Let's consider the right hand half of the circuit above. It won't always be just as shown, with the green blob as the "connect to microprocessor" point. But for simple work with, say, an Arduino, the circuit is nearly what you would do. For the Arduino, things would be really simple: you would merely connect the "top" of the transistor to one of the Arduino's inputs, the bottom to the Arduino's ground, and turn on the internal pull up resistor on the Arduino's input.
N.B.: To get the benefits of the isolator, you can't use the Arduino's power to activate the LED. You need separate power on that side. Furthermore, don't think "Oh, we always connect all the grounds." In this circuit, you DON'T connect the grounds. (There are two: one on each side of the air gap.)
(I have discussed putting optoisolators on inputs further up the page.)
You know how to turn LEDs on and off with your microprocessor, I hope?
The LED inside an optoisolator isn't in some way "special". Remember to include the usual current limiting resistor, and you can switch the optoisolator's LED on and off... and thus, indirectly, switch anything else on and off.
This will primarily be useful to beginners who want an extra layer of "safety" between their possibly-badly-designed circuits and their microprocessors.
There are ways to use a transistor to "switch" things safely which can't be directly switched by a microprocessor output. But if you are not sure how to do that, use an optoisolator.
The phototransistor in the optoisolator is only a tiny little thing... and it can't usually switch a heavy load, e.g. bright lights, motors. But you can use it to operate the coil of a small relay, and the contacts of the relay can, if you buy the right relay, switch big loads.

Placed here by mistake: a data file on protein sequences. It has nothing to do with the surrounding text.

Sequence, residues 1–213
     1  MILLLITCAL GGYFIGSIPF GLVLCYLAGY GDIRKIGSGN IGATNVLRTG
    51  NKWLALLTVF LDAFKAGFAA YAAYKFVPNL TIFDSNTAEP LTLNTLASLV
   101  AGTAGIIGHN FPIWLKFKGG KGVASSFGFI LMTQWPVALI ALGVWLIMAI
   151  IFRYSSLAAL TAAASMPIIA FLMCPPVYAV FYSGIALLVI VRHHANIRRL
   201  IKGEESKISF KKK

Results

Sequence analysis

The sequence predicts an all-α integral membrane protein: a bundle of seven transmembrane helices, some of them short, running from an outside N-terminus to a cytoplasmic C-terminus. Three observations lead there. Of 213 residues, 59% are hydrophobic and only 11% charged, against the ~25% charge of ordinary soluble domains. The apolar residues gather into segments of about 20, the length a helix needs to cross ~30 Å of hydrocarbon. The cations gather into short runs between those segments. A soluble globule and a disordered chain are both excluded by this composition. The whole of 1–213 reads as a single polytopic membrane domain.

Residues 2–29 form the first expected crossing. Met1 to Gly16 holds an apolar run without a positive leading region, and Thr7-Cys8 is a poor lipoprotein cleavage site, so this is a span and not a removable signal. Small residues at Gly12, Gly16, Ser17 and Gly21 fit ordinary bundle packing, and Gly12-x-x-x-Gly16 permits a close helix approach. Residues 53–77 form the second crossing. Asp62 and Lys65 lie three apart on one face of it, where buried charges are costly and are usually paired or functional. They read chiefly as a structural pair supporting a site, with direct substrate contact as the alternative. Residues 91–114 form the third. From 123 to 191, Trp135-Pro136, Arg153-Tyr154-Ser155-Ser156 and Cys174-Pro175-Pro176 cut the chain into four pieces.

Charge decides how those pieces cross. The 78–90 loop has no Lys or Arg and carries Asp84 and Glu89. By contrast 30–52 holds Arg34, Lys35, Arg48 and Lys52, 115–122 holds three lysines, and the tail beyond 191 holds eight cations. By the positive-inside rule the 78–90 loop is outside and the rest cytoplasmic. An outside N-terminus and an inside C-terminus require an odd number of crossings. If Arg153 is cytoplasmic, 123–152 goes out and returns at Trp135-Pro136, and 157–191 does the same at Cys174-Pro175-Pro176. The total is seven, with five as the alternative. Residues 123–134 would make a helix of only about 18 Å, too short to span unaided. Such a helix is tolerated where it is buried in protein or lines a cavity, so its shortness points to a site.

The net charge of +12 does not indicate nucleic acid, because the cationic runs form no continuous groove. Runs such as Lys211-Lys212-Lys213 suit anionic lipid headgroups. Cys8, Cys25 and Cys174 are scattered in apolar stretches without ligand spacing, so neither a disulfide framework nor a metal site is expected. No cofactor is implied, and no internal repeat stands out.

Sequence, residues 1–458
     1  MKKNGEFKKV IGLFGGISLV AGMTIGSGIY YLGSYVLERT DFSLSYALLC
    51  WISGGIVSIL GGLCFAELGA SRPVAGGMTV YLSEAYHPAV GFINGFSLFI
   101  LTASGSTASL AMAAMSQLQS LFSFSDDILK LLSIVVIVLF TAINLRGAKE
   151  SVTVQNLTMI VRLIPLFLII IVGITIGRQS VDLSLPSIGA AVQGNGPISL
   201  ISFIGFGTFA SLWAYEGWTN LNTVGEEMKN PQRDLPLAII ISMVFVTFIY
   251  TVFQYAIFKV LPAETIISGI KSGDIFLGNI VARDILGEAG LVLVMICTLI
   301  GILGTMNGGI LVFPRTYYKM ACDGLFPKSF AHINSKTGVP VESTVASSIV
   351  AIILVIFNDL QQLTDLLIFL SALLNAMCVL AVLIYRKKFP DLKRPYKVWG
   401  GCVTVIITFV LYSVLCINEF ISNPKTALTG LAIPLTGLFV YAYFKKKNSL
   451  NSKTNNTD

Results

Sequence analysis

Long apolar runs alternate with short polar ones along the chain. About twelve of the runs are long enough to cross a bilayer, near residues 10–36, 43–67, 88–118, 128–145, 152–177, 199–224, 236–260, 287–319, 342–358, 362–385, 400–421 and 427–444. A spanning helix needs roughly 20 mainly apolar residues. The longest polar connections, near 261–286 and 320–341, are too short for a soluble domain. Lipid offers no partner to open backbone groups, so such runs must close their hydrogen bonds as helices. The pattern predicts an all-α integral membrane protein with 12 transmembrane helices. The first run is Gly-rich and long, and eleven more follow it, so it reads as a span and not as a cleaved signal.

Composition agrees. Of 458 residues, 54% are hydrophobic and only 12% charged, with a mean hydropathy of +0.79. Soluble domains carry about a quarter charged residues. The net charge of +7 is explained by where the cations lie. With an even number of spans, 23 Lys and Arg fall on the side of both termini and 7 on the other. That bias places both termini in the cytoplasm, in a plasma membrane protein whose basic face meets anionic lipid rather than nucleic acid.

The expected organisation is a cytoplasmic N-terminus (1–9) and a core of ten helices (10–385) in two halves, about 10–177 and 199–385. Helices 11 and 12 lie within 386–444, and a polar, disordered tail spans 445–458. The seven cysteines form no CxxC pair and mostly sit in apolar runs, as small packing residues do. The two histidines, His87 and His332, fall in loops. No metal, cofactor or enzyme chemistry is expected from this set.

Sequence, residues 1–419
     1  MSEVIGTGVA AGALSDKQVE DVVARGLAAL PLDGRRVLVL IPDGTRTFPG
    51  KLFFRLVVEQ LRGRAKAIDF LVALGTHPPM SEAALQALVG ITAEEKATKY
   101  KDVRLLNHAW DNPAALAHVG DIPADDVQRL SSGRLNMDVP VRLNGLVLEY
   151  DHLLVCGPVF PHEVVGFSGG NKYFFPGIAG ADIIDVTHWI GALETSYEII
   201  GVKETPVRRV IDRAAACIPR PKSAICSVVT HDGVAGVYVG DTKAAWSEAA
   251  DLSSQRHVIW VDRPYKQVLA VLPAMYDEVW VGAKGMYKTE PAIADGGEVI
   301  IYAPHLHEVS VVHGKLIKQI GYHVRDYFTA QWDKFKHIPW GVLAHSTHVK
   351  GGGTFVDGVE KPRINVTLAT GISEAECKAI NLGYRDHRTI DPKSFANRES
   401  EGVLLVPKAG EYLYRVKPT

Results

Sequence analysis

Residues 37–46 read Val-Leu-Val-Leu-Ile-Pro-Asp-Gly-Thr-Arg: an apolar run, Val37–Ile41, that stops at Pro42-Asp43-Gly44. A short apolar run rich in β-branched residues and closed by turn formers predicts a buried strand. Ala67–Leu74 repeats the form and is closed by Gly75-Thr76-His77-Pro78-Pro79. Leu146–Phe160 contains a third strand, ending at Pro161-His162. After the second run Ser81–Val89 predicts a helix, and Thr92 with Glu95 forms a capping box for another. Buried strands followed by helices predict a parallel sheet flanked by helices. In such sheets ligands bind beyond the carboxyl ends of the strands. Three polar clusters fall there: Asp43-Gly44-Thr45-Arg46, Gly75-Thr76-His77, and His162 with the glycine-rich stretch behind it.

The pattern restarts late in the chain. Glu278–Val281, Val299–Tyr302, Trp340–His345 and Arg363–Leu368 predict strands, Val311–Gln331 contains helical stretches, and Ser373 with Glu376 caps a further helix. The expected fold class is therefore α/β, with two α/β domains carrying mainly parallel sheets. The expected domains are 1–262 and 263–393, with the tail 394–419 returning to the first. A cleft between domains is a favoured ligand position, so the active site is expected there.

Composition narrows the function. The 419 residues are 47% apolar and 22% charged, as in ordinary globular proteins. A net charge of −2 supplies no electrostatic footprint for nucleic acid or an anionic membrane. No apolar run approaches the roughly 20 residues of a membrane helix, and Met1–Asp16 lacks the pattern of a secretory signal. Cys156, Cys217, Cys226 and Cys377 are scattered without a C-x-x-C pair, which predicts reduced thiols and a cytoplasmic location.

A word about household, or "mains" electricity, e.g. 110 volts AC, or 230 volts AC. Stay away from it until you've had proper training. There are Ways To Go Wrong which you don't want to encounter, and may not see coming. And errors can lead to death and destruction... literally.
You can buy a basic two gate optoisolator from Digikey for about $1, but that's just an example. There are many, many suitable devices out there. Be careful with the pin-outs... there are two commonly used layouts, each with its own strengths.
Another choice: There's a nice little package with 4 slightly fancy optoisolators in it. They are "fancy" only in that each optoisolator has two LEDs, one facing easy way, so that both AC and DC signals will turn the output on. One example of this design is the nattily named "PS2505L-4", from NEC. Click here for datasheet in pdf format.
You might think that it would be okay to put the LED side of an optoisolator, with suitable resistor, across an AC signal, and let it just "throw away" the negative half of each cycle.
The light emitting DIODE will indeed block a "reverse" flow of current... up to a certain, not always very high!! voltage.
If you are putting an optoisolator intended for DC signals on an AC signal, it may well work... but check the datasheet. You can always add an external diode, meant for blocking a voltage, if you want to go with the "half wave is enough" "answer". Be advised, though: If you are "watching" the output with a microcontroller, say an Arduino, it checks the output so briefly that it may not see the "on" parts" of the signal, even when the AC is present.
I hope that helped? Do please write in and tell me if bits were unclear, or you would like more help with optoisolators